Turkey: 2 journalists detained over ‘espionage’ probe

International

ANKARA, Turkey (AP) — Turkish police on Monday detained two journalists for questioning as part of an investigation into alleged “political and military espionage,” the state-run Anadolu Agency said.

The two journalists — Ismail Dukel, the Ankara representative of TELE1 television channel, and Muyesser Yildiz of the OdaTV news website — were being questioned by anti-terrorism police, the agency reported.

OdaTV said Yildiz, who has reported on military issues, was detained following a raid on her home. Police searched her house and confiscated electronic material, the website reported.

Last month, authorities charged seven journalists — including two OdaTV editors and a reporter — with violating laws governing the intelligence agency, for stories on the death of an intelligence officer who was reportedly killed in Libya. The journalists will go on trial later this month.

The New York-based Committee to Protect Journalists ranks Turkey among the top jailers of journalists worldwide, alongside China and Saudi Arabia.

As many as 85 journalists and other media workers are currently in jail under Turkey’s broad anti-terrorism laws, according to the Turkish Journalists Syndicate, including many who were detained in a crackdown following a 2016 coup attempt.

Turkey maintains that the journalists are prosecuted for criminal acts and not for their journalistic work.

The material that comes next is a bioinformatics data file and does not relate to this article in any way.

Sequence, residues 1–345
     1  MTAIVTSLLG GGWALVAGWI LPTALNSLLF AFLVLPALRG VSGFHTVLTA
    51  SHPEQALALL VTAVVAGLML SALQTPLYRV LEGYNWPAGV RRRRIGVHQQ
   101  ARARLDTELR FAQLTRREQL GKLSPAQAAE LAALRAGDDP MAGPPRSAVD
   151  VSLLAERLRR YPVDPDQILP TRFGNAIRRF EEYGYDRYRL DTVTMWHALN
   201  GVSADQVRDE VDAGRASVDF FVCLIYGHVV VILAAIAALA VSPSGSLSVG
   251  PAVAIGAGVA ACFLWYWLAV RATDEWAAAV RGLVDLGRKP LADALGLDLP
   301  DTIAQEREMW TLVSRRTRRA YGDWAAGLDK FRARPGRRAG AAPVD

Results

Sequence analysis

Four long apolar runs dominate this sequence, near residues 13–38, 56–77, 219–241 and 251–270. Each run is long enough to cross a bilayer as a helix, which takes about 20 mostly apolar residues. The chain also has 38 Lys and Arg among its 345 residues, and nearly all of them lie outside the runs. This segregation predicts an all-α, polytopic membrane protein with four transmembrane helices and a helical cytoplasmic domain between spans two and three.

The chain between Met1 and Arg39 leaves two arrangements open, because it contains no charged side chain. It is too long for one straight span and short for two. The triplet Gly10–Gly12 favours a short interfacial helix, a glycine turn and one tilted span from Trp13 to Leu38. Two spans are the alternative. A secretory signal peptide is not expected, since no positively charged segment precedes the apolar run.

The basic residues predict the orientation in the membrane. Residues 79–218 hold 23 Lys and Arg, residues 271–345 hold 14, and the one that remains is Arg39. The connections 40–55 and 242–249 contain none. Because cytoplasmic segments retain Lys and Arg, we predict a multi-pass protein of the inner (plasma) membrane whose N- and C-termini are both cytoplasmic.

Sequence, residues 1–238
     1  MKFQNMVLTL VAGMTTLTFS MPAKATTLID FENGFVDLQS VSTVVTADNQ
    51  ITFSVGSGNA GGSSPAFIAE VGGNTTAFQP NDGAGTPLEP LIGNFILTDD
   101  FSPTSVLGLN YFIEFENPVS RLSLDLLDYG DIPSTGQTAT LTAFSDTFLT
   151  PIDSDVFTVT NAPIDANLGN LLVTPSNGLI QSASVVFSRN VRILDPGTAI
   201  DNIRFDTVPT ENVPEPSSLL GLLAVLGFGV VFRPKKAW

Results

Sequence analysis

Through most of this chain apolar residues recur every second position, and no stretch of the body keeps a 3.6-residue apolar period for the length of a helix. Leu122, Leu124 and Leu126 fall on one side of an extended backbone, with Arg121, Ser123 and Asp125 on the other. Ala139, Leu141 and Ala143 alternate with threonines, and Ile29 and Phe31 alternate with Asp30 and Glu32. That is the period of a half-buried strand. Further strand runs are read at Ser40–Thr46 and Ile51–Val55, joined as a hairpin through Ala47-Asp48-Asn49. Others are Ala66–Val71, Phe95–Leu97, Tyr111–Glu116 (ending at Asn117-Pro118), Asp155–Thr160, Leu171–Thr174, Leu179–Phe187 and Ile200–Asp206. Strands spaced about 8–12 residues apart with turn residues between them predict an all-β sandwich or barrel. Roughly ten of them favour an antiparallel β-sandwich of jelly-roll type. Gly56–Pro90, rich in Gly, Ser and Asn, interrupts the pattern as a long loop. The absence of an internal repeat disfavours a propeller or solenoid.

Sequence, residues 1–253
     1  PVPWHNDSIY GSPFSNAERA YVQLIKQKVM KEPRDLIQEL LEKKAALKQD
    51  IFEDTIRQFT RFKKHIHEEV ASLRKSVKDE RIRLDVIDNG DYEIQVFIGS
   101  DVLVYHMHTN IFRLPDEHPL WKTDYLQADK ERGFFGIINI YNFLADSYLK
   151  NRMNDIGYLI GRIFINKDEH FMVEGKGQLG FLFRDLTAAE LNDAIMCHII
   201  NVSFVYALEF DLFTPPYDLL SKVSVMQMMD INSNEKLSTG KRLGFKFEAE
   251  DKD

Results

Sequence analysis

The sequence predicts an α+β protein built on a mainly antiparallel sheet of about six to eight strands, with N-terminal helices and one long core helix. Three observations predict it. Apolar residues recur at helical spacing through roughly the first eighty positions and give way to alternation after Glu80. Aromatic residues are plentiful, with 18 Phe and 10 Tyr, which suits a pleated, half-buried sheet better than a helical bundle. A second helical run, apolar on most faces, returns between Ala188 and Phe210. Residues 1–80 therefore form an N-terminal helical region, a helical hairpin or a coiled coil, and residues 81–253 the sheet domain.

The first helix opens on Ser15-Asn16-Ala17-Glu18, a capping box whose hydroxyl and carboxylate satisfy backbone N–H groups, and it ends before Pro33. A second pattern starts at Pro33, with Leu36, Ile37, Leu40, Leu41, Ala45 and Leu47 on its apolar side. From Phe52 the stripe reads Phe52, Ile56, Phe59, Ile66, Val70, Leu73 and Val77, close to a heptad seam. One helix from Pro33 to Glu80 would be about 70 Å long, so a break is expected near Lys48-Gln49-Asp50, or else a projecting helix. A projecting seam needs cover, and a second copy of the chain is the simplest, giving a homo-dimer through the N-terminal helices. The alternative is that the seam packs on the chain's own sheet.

Separately, prosecutors issued warrants to detain 149 people — most of them former police officers — for alleged links to a network led by U.S.-based Muslim cleric, Fethullah Gulen.

Anadolu Agency said 74 people, including six former police chiefs, were being sought by prosecutors in the western province of Balikesir, 42 were sought be authorities in northwestern Bursa province while 33 of the suspects were detained in Gaziantep, near the border with Syria.

Turkey blames Gulen’s network for the failed 2016 coup. About 77,000 people have been arrested and around 130,000 others, including military personnel, have been dismissed from state jobs in the ongoing crackdown on Gulen’s network.

Gulen, who has been in self-imposed exile in the U.S. since 1999, denies involvement in the coup attempt, which killed about 250 people and injured around 2,000 others.

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